Carson, Kit (Christopher Houston Carson), 1809-68, American frontiersman and guide, b. Madison co., Ky. In 1811 he moved with his family to the Missouri frontier. After his father's death, he was apprenticed to a saddler in Old Franklin, an outfitting point on the Santa Fe Trail, but in 1826 he ran away, joining a caravan for Santa Fe and continuing on to Taos, N.Mex., which became his home and his headquarters. For the next 14 years he made his living as a trapper, miner, teamster, cook, guide, and hunter for exploring parties. In 1842, while returning from St. Louis by boat up the Missouri, he met J. C. Frémont, who employed him as a guide for his Western expeditions of 1842, 1843-44, and 1845.

After Los Angeles was taken (1846) by U.S. military forces, Carson was ordered to Washington with dispatches. In New Mexico he met Gen. Stephen Kearny's troops, and Kearny commanded him to guide his forces to California. When Kearny's men were surrounded in California, Carson, E. F. Beale, and a Native American made their way by night through enemy lines to secure aid from San Diego. In 1847 and again in 1848, Carson was sent east with dispatches.

Carson determined to retire to a sheep ranch near Taos, but plundering by Native Americans led him to continue as an Indian fighter. In 1853 he was appointed U.S. Indian agent, with headquarters at Taos, a position he filled with notable success. At the outbreak of the Civil War he helped organize and commanded the 1st New Mexican Volunteers, who engaged in campaigns against the Apache, Navajo, and Comanche in New Mexico and Texas. At the end of the war he was made a brigadier general, in command (1866-67) of Fort Garland, Colo.

Carson first became known to the general public as a figure in Frémont's much-read expedition reports (1845), becoming famous as a result of Frémont's reports of his skill and courage. His considerable exploits were exaggerated by his biographer (1858) and, subsequently, wildly inflated in dozens of Wild West pulp novels. A national hero, Carson eventually attained an almost mythic status in the annals of the American West.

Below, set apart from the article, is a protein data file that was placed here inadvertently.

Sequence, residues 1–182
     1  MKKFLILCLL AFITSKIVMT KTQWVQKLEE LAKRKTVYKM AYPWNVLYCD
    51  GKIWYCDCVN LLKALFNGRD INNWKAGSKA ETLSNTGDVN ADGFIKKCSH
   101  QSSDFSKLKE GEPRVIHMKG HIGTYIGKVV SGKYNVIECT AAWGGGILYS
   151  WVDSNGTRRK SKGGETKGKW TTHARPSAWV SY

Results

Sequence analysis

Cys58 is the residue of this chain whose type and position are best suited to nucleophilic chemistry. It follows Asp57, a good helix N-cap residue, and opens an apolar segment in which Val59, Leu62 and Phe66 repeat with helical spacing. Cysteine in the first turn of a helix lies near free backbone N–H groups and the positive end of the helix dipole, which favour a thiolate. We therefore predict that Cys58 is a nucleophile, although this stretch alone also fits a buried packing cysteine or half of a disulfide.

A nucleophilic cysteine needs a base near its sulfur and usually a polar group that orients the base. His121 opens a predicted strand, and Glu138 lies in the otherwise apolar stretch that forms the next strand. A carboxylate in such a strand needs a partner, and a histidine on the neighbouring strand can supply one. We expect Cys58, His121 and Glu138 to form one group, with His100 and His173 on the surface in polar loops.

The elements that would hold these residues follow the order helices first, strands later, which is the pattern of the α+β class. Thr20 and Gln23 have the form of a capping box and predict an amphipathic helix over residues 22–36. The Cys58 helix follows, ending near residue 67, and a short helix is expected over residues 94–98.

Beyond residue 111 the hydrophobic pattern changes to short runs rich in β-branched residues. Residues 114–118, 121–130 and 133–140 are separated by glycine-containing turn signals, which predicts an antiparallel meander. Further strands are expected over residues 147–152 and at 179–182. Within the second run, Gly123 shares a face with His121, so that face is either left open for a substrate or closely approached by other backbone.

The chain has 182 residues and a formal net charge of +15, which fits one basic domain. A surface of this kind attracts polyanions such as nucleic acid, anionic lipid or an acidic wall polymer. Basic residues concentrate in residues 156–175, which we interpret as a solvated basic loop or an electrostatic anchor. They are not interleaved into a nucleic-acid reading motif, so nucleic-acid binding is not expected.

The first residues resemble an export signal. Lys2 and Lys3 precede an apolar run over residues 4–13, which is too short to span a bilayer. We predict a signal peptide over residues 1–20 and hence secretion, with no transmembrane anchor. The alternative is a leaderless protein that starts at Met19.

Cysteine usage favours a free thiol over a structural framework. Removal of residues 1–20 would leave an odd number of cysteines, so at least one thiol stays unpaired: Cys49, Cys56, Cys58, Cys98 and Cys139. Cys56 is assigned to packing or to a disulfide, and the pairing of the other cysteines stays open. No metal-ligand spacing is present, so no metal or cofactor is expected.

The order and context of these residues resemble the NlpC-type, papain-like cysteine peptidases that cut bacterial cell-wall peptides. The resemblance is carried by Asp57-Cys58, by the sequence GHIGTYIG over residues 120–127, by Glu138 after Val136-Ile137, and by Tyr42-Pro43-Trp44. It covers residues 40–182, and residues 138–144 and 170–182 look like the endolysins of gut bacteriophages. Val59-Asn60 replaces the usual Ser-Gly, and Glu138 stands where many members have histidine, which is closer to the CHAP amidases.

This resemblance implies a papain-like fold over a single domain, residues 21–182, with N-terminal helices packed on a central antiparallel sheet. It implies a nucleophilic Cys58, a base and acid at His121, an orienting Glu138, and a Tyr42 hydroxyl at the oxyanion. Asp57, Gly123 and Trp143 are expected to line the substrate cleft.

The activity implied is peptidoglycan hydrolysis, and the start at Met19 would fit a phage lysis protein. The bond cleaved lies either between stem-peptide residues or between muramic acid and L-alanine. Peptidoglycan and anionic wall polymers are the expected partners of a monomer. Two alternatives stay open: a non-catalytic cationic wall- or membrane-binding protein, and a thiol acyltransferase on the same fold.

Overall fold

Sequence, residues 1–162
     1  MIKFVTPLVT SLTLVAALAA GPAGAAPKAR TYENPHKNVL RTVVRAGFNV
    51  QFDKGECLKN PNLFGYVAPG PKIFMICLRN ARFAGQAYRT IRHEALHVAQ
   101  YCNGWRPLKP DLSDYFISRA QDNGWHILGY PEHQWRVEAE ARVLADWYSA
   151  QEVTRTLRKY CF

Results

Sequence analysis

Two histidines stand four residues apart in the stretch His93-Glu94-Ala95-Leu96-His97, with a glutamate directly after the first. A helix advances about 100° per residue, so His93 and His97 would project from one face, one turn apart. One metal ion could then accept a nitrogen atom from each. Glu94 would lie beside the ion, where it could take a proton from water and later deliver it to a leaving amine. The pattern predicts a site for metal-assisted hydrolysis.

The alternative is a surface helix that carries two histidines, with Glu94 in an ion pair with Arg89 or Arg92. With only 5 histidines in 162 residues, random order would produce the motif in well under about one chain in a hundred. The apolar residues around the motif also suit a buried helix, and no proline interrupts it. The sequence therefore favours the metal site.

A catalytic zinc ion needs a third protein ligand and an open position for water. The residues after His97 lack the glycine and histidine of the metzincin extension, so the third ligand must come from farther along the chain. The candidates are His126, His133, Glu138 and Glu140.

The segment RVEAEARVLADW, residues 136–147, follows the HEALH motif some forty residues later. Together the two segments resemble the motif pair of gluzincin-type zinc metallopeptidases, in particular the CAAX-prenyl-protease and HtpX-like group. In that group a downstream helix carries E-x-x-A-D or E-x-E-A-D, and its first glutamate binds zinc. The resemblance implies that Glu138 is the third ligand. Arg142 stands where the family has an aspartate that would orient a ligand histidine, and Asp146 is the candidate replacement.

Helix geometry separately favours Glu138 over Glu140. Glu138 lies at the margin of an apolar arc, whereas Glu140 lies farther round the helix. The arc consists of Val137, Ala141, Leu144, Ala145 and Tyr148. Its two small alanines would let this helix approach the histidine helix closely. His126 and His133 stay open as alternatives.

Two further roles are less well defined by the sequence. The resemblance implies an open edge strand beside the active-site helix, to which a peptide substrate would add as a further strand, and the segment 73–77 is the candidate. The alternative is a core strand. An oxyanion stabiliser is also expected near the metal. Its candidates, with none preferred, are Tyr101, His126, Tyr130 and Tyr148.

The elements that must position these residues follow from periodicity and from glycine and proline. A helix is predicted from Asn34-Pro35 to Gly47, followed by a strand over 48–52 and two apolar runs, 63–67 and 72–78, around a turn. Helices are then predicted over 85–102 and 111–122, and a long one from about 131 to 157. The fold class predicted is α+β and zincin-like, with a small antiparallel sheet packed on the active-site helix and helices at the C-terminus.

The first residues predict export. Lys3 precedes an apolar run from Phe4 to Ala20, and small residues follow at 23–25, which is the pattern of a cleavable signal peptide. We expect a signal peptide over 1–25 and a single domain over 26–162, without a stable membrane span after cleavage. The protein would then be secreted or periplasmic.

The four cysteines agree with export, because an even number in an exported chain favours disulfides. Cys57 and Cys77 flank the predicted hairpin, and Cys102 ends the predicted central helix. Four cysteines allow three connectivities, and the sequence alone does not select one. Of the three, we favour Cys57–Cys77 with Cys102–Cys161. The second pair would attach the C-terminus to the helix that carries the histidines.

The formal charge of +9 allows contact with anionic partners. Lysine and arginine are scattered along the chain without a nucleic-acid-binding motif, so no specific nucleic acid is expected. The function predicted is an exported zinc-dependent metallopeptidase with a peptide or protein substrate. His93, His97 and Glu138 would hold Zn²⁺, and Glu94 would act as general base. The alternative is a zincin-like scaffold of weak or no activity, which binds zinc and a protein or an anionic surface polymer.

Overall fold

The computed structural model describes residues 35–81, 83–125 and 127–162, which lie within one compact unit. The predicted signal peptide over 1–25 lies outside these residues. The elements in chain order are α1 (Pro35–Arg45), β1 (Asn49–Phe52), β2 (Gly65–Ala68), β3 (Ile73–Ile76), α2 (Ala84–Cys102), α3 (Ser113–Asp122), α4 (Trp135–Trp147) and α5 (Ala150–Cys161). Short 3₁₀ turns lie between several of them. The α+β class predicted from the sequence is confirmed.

See D. C. Peters, The Life and Adventures of Kit Carson, the Nestor of the Rocky Mountains, from Facts Narrated by Himself (1858, much repr.); Kit Carson's Autobiography (ed. by B. C. Grant, 1926; ed. by M. M. Quaife, 1935, repr. 1966); biographies by S. Vestal (1928) and M. M. Estergreen (1962, repr. 1967); E. L. Sabin, Kit Carson Days (rev. ed. 1935); H. L. Carter, "Dear Old Kit": The Historical Christopher Carson (1990); D. Roberts, Kit Carson, John C. Frémont and the Claiming of the American West (2000); H. Sides, Blood and Thunder: An Epic of the American West (2006).

Kit or KIT may refer to:


  • Scale model, item sold partially assembled
  • Kitbashing, the process of modifying a commercially available model kit
  • Electronic kit, a set of unassembled parts
  • Robot kit, special construction kit for building robots
  • A certain young boy


  • Body kit, collection of exterior modifications to a car
  • Hush kit, device for reducing noise from an engine
  • Kit car, automobile that is available in kit form



  • Drum kit, collection of drums, cymbals, etc. arranged for convenient playing
  • Kit violin, a small stringed musical instrument
  • Yona-Kit, math rock quartet active in 1994


  • HTML-Kit, HTML editor for Microsoft Windows
  • Rootkit, software intended to conceal running processes, files or system data
  • Software development kit, a set of tools to create an application
  • Kit (computer slang), source software distribution that has been packaged in such a way that it can be unpacked
  • [k] meaning "kit", a common suffix in the titles of Scene released Mac warez, showing that it has been software cracking|cracked.

Science and Academia


  • Kit (association football), the standard equipment and attire worn by players in association football
  • Kit, a British acronym (King's-In-Trust, as it was never owned by the soldier who wore it, but by the King as Commander-in-Chief) referring to the type of gear, weaponry, tools or ordnance used by military forces, police or security personnel, now found in common parlance in the American, British, Australian and Canadian armies


  • Kit-Cat Club, an 18th Century Whig literary club
  • Kit lens, a low-end SLR camera lens
  • Dopp kit, a small bag used for storing men's grooming tools for travel
  • First aid kit, a collection of supplies and equipment for use in giving first aid
  • Kit Kat, a chocolate bar
  • Kit's Coty, a small village in the English county of Kent
  • Press kit, a pre-packaged set of promotional materials of a person, company, or organization
  • KIT (AM), a radio station in Yakima, Washington
  • KIT (Kingston Interactive Television), a digital television service formerly provided by Kingston Communications.
  • KIT, an acronym for "Keep In Touch"
  • Kit, slang for kitten, used in the warriors series of cats.

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